Greetings everyone and thanks again for your following. This week I will go over some things to do in the garden in the month of August, which is an important month as it is the time when most of your annuals will begin to reach peak production with fruits and vegetables.
Weeding: Weeding now as weeds appear and before they start to seed is important all the time. It is more important in August because your plants will need all available water and food. Weeds that are left in place will use up those essential resources. Also making sure they don’t go to seed will help with weed control in the fall and next spring.
Harvesting: As your plants get closer to the 90 to 120 day old period they will peak in production and begin to slow down. You can encourage more buds by picking more often. A good example is zucchini- instead of waiting for monster zucchini, pick them when smaller, about 8 to 12 inches in length. The seeds will not be fully formed so this will force the plant to continue producing.
Ornamental trees and shrubs: Now is a great time to prune your ornamental trees, but there are a few exceptions which are your flowering plum and flowering cherries of all varieties. Pruning now will not harm them but in future years will make your job harder, as these trees will produce unwanted vertical growth called suckers.
General tree pruning guidelines:
1. Remove all dead wood. Cut back flush with the trunk or branch.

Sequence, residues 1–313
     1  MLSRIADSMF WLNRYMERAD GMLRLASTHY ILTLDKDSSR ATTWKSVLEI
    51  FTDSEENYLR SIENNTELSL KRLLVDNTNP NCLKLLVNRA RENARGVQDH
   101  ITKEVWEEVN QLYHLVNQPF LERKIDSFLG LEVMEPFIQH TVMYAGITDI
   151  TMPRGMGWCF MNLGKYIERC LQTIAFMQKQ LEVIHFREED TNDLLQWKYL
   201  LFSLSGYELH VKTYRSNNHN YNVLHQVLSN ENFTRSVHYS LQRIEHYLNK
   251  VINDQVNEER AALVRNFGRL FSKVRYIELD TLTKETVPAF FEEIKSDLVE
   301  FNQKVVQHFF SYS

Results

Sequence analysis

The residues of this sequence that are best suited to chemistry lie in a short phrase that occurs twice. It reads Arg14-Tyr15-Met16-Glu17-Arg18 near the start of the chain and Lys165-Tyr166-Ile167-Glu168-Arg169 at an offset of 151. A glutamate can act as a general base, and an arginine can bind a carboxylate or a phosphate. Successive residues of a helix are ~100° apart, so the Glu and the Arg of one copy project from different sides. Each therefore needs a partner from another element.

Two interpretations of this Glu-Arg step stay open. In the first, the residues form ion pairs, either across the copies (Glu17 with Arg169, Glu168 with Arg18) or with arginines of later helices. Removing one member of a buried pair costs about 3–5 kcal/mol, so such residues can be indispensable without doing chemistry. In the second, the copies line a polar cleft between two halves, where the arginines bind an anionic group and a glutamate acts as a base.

2. Prune out all branches growing inward. Trees should have a cone shape with a pointed top for evergreens and a rounded top for deciduous.
3. Prune out branches so they do not run on each other.
4. Remove suckers and other vertical growth from the center.
Keep in mind to not prune out more than one-third of the tree per year.
Remember you can always take out more, but you can’t put it back.
Hedges: Pruning hedges can be a lot of fun. Over time you can create shapes, create a living security fence and use hedges for borders.
If you have a large hedge over 10 feet tall, consider hiring a gardener to work with you the first year. Once a hedge gets over 10-feet tall and four feet wide there are tricks to get the job done efficiently and safely.
I personally prefer to use hand sheets for small hedges like boxwoods and electric models for large jobs. There are also hedgers that can be put on a pole as an attachment. These are great for big jobs, but I would steer away from them if you have little experience hedging. They are heavy and powerful and unless you are experienced, can cut some big holes that you may not have intended to make.
How to hedge: Cut your sides by first creating a vase shape to insure light reaches your lowest leaves. Only cut this year’s growth. Next, cut your top. To keep it level, go slow in a long smooth motion from the center to the edge, cutting and sweeping your cuttings off as you go, stopping every few feet to remove remaining cuttings with a rake then continue. Next, cut your beveled edge. Creating a bevel will make removing your trimmings easier next time.
When cutting deciduous hedges like privet or bear berry, use caution- if they are taller than you, have a ground person in case you get in trouble. These hedges have very sharp and dangerous thorns that can cause serious injury. Always wear gloves and pants no matter how hot it is.
In case you’re wondering what is the tallest hedge I ever maintained, it was 300 feet long 12 feet wide and 22 feet tall. I used to climb up its center and stand on its top on plywood to do the job with a four-man crew. This hedge can be seen on Google satellite imagery by typing in “Memory Lane West University Place Washington”. It’s hard to miss.
Enjoy your week, keep on growing that food and most of all, enjoy your landscape and have fun.